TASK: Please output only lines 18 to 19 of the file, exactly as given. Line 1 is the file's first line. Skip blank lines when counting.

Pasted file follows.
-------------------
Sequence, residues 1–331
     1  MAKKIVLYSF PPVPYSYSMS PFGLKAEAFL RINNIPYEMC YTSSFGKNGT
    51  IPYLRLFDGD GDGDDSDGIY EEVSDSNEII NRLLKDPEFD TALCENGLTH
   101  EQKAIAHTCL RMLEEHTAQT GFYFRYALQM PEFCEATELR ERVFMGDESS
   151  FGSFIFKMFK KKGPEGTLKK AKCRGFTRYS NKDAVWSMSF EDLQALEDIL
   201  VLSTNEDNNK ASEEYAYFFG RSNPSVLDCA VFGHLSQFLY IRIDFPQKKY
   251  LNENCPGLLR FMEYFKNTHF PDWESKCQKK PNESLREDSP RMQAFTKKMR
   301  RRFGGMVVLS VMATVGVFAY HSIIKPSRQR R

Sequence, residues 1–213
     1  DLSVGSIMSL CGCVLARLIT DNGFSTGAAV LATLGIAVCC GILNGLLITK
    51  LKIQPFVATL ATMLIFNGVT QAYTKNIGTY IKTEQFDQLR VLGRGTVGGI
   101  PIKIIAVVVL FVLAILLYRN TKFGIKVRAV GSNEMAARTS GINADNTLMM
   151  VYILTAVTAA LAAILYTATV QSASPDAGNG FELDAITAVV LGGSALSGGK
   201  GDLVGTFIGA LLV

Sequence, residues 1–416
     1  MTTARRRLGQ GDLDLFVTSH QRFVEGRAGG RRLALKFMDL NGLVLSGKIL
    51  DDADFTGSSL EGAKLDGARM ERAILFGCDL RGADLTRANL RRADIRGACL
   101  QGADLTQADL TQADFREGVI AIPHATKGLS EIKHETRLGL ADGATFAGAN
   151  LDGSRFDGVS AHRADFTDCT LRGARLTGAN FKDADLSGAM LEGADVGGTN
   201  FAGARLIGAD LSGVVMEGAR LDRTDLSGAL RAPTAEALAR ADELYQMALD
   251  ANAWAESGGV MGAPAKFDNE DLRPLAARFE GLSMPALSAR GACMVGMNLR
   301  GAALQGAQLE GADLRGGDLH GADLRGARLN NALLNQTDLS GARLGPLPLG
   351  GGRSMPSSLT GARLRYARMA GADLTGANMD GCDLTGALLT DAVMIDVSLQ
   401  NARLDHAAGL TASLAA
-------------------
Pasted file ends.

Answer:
   101  QGADLTQADL TQADFREGVI AIPHATKGLS EIKHETRLGL ADGATFAGAN
   151  LDGSRFDGVS AHRADFTDCT LRGARLTGAN FKDADLSGAM LEGADVGGTN